Quantcast

Baby, Take A Ride With Me

Nov 21, 12 Baby, Take A Ride With Me

Drive your Chevy to the Levy, and watch the stars shoot by.

The automotive industry is, alongside national television, the best indication of human advancement on our planet. While clocking an age of only a little over 100 years old, automobiles have continued to advance each year with new designs in ergonomics and aesthetically pleasing gas mileage. Remember always that the automobile, once thought of as foreign and unpleasing to the general population, was made popular by great icons in the 20th century.

Henry Ford, Louis Chevrolet, Kiichiro Toyoda – these were just men trying to make a dollar out of a dime and feed their families. And despite their simplistic tendencies, we cannot help but watch and respect their strategies and methods for revolutionizing the way we saw cars.

Preston Tucker is among my favorite entrepreneurs in American history. Although, I think the only reason that I hold him in such high regard is because of how many times I saw “Tucker: The Man and His Dream”.

Don’t judge me.

Aside from his ambition and sometimes ulterior motives, Preston Tucker was a dreamer. And unlike most men of his time, he pushed his boundaries far past their limits to make the world understand the joys and advantages of The Tucker.

For those of you who don’t know , The Tucker is the name that Preston gave to one of his most memorable car designs: The 1948 Tucker Sedan. Maybe it wasn’t that memorable, the car only managed to sell 51 copies before his business folded in the early 50’s from bad publicity.

After World War 2, American Society looked to automobile makers in a period of time when the Big 3 hadn’t designed any new models since the early 40’s. This window of time was a great opportunity for small time business owners to make a jab at the automobile industry with a new car. “The Car of the Future”, is what he consistently donned it.

Another entrepreneur of whom I think mirrored Preston Tucker greatly was Steve Jobs. Their similarities are highlighted in their aspects of using what they knew about ergonomics in technology to appeal to a more casual audience. Steve Jobs translated the computer, which at his time in history was considered to be a gigantic waste of space, into a user friendly home-based phenomenon. While Apple’s market share is nowhere near formidable in the eyes of the other 90% of computer technology sales, admiration should be given to their ability to connect with the people.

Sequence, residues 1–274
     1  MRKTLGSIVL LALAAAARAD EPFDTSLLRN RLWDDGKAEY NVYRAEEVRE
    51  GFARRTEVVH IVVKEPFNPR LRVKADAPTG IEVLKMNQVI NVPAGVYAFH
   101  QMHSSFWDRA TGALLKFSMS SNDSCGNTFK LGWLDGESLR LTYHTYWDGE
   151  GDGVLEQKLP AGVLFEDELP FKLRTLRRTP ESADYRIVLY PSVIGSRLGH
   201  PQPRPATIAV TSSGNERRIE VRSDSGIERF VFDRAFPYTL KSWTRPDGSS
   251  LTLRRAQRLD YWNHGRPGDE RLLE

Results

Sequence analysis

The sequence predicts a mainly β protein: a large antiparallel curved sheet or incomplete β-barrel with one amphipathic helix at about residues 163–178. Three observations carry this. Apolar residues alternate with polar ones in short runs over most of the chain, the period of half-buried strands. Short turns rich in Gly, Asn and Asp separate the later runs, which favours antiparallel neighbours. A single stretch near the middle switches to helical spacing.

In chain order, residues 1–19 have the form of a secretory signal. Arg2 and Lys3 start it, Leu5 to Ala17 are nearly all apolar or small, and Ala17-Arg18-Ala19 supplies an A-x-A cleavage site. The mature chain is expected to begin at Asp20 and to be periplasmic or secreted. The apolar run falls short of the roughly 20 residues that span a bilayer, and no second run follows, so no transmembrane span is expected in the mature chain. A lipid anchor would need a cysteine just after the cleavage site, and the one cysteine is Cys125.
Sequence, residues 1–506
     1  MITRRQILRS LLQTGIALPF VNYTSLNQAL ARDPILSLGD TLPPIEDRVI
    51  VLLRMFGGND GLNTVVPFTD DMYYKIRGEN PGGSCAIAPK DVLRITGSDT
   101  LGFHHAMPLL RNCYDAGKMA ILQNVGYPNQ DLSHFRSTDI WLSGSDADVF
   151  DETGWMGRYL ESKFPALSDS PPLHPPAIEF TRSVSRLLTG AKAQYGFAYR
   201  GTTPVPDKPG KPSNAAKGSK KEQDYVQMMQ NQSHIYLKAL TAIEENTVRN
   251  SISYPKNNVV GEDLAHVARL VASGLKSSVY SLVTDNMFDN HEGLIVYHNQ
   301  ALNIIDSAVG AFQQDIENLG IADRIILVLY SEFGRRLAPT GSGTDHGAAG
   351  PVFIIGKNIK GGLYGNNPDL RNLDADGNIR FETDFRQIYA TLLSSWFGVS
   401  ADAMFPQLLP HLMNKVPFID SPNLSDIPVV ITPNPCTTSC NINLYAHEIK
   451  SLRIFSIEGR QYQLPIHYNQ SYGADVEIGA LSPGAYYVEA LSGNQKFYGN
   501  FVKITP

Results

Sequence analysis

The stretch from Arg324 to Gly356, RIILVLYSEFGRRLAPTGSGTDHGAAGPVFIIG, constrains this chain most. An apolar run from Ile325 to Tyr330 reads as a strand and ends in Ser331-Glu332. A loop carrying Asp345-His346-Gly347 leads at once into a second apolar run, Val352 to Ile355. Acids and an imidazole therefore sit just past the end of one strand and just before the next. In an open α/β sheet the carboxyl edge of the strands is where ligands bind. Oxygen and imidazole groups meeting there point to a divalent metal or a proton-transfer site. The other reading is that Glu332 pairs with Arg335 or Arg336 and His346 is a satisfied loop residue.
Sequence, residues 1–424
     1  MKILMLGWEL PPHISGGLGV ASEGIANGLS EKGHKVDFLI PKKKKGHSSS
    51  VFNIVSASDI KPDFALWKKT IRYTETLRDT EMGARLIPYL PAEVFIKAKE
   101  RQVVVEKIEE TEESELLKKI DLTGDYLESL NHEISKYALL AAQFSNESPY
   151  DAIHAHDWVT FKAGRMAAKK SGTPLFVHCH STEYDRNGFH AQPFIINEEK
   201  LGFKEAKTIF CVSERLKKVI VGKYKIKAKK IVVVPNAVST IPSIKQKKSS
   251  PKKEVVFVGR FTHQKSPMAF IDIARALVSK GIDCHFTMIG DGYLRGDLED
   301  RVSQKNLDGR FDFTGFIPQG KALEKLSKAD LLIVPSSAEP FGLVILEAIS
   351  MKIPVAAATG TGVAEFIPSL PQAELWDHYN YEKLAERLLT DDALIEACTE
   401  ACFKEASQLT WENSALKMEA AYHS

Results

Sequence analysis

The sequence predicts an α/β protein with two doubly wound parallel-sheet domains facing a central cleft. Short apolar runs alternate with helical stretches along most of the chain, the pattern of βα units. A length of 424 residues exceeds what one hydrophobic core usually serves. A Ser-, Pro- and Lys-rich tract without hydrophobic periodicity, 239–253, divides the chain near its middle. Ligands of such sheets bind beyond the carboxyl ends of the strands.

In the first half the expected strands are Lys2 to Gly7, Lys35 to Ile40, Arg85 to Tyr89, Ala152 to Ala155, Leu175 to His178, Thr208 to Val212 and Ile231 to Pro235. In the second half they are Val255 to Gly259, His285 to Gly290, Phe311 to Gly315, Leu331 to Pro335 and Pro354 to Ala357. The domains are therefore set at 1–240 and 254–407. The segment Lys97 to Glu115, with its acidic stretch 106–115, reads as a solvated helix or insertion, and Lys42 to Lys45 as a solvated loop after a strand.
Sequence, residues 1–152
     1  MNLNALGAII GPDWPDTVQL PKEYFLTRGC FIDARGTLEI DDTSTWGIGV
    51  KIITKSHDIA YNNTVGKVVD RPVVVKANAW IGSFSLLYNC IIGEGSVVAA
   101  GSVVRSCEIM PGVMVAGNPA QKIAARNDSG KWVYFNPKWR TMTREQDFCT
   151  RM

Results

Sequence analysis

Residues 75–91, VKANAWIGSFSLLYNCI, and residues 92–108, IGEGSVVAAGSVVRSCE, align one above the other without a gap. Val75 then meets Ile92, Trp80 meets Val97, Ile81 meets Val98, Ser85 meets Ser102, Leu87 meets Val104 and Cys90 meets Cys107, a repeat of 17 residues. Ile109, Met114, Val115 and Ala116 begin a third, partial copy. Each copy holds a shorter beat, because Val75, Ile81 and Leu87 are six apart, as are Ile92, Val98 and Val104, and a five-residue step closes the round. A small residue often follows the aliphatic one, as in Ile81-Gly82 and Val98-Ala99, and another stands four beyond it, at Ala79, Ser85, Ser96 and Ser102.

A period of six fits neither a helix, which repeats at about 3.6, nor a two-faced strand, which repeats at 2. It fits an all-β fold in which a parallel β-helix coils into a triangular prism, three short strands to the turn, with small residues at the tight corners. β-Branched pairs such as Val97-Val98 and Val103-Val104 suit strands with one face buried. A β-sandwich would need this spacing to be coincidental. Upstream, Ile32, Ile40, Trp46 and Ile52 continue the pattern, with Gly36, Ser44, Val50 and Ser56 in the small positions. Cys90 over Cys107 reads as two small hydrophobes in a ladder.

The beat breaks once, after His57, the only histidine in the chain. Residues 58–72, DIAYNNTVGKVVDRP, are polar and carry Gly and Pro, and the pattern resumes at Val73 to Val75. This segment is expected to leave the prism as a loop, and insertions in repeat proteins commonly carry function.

Or maybe that’s not so difficult?

Who cares! We’re here to talk about cars!!!

Lets not forget the vision of the future-the hovering bikes and flying cars that we saw dreamed of in the late 50’s seem like only a skip away on the economic market. When will we find ourselves behind the wheel of one!?!

Oddly enough, my vision of futuristic automobiles look a lot like the space carts out of The Fifth Element. Call Luc Besson distanced form reality for his imagination in that movie, but his vision of the world 300 years from now is quite a spectacle: Thousands of highways all intersecting each other in the same ten kilometers of space, stacked for miles and miles on top of each other.

Even McDonald’s looked awesome in that movie!!!

No matter who’s behind the wheel, or whomever it was that you were driving to the cliffs to see the magnificent lights of Hollywood, you can always take solace in the bliss of human innovation.

So that 50 years from now, you, your children and your children’s children can remember the stories of your periodic drives along the highway with your significant other in calming relaxation.

Now don’t that feel nice?

Here’s to the future!!!

Image Credit: Photos.com

Facebook Twitter Pinterest Plusone Digg Reddit Stumbleupon Email

Leave a Comment

Your email address will not be published. Required fields are marked *

You may use these HTML tags and attributes: <a href="" title="" rel=""> <abbr title=""> <acronym title=""> <b> <blockquote cite=""> <cite> <code> <del datetime=""> <em> <i> <q cite=""> <strike> <strong>